litigation.”) (citations and quotation marks omitted).
See Agency Holding Corp. v. Malley-Duff & Assocs., 483 U.S. 143,
Hecht v. Commerce Clearing House, Inc., 897 F.2d 21, 25 (2d Cir.
damages resulting therefrom.”62
To adequately plead conversion plaintiff must allege: “(1) plaintiff
had legal ownership or an immediate superior right of possession to specific
identifiable personal property, and (2) defendant exercised unauthorized dominion
over the property to the exclusion of the plaintiff’s rights.”63
Under New York law, to claim unjust enrichment a plaintiff must
allege that: “(1) the other party was enriched, (2) at that [plaintiff’s] expense, and
(3) that ‘it is against equity and good conscience to permit [the other party] to
retain what is sought to be recovered.’”64
Leave to Amend
Rule 15(a)(2) provides that other than amendments as a matter of
course, “a party may amend its pleading only with the opposing party’s written
Johnson v. Nextel Commc’ns, Inc., 660 F.3d 131, 138 (2d Cir. 2011).
Aetna Cas. & Sur. Co. v. Glass, 428 N.Y.S.2d 246, 247 (1st Dep’t
Mandarin Trading Ltd. v. Wildenstein, 16 N.Y.3d 173, 182 (2011)
(internal quotations omitted).
consent or with the court’s leave.”65 Although “[t]he Court should freely give
leave when justice so requires,”66 it is “within the sound discretion of the district
court to grant or deny leave to amend.”67 “When a motion to dismiss is granted,
the usual practice is to grant leave to amend the complaint.”68 However, where a
plaintiff inadequately pleads a claim and cannot offer additional substantive
information to cure the deficient pleading, granting leave to replead is futile.69
Thayil fails to make factual assertions to support his generalized
accusations of defendants’ wrongdoing. The majority of the Complaint is filled
with conclusory allegations of wrongdoing and violation of various laws, which
are unsupported by factual assertions that would allow this Court to draw a
reasonable inference that defendants are liable for the alleged misconduct. Thayil
has made the argument that many of the factual allegations will be revealed
through discovery. Although plaintiff is not required to produce proof of his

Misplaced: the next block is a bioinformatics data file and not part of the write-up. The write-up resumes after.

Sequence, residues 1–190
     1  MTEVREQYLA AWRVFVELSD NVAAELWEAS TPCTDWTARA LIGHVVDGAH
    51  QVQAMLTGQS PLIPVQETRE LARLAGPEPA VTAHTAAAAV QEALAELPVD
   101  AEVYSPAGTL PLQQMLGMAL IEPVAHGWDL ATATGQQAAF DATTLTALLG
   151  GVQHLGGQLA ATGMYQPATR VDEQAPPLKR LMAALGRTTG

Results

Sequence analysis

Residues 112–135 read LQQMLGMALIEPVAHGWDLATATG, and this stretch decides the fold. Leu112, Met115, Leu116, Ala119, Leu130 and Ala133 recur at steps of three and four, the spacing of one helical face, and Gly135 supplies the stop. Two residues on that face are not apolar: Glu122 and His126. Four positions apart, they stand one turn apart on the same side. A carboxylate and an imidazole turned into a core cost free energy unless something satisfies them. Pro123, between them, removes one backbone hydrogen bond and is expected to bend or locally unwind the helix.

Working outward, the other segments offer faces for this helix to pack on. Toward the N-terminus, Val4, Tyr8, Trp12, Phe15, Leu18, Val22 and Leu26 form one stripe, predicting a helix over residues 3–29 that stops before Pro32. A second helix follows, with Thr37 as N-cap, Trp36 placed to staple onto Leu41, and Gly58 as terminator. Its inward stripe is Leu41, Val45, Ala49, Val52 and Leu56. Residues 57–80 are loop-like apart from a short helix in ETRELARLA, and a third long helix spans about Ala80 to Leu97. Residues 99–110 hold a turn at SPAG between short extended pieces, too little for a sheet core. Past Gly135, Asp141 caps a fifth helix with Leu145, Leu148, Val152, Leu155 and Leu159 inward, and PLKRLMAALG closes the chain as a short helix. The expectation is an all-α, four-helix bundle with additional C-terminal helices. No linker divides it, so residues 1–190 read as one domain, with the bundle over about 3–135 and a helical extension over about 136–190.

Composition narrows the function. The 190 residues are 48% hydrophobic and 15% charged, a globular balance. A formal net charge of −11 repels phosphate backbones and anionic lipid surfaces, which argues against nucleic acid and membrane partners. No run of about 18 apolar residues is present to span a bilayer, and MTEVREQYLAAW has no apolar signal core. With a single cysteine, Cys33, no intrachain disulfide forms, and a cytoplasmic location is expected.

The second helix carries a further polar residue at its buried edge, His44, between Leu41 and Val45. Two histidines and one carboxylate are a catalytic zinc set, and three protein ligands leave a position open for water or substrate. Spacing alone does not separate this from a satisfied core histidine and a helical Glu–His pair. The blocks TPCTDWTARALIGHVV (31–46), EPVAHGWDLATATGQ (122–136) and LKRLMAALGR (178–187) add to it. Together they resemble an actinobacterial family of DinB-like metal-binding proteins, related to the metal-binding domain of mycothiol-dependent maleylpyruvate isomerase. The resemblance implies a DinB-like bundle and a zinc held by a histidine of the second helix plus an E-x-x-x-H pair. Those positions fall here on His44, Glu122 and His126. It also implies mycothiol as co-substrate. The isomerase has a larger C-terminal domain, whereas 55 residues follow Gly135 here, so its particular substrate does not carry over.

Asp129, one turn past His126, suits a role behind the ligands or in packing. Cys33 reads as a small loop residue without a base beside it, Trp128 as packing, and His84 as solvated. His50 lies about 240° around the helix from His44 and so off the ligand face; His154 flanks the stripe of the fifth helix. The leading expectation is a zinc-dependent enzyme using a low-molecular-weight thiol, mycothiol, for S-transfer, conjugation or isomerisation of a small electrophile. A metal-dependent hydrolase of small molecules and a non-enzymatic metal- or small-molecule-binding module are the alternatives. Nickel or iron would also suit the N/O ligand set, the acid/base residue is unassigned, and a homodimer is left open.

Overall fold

Slayton v. American Express Co., 460 F.3d 215, 226 n.10 (2d Cir.
2006) (quotation marks omitted).
Fed. R. Civ. P. 15(a)(2).
McCarthy v. Dun & Bradstreet Corp., 482 F.3d 184, 200 (2d Cir.
Hayden v. County of Nassau, 180 F.3d 42, 53 (2d Cir. 1999).
See Cuoco v. Moritsugu, 222 F.3d 99, 112 (2d Cir. 2000).
allegations at the pleading stage, that does not relieve Thayil of the requirement
that he state a facially plausible claim, which Thayil has not done. Accordingly,
and for the reasons set forth below, Thayil’s Complaint is dismissed in its entirety
Ideas Are Not Protectable Under Copyright Law
Taking Thayil’s factual allegations in connection with access70 and
copying as true, Thayil has failed to make factual allegations to support a finding
that the elements of the Marketing Plan, which defendants allegedly copied, were
in fact protected by copyright, or that the alleged copying by defendants amounted
to an unlawful taking.
Thayil alleged that defendants used the “ideas” in the Marketing
Plan.71 As discussed above, copyright does not protect ideas, only the expression
of ideas.72 To the extent that Thayil’s allegations seek redress for a taking of his
While Thayil has alleged access and copying by Fox and EMI, he fails
to allege how the remainder of the defendants would have accessed the Marketing
Plan. Although, Thayil set forth facts in his Opposition suggesting some
connections between the defendants, the time line of events is very unclear. See
Thayil Opp. at 5-7. Notwithstanding the tenuous nature of the alleged connections,
I need not reach the issue of access with respect to these defendants, because
Thayil’s copyright infringement claim must be dismissed for other reasons.
Compl. ¶ 18.
See Mattel, 365 F.3d at 135-36.
ideas Thayil’s claim must be dismissed.
Similarly, Thayil’s assertion that defendants unlawfully took the data,
information, and strategy expressed in the Marketing Plan,73 also fails as
defendants’ alleged copying does not amount to an improper or unlawful
appropriation. The elements that were allegedly misappropriated from the
Marketing Plan, as set forth at length in the factual background above, were
essentially generalized strategies or actions, and are too far removed from the
expression to be entitled to protection.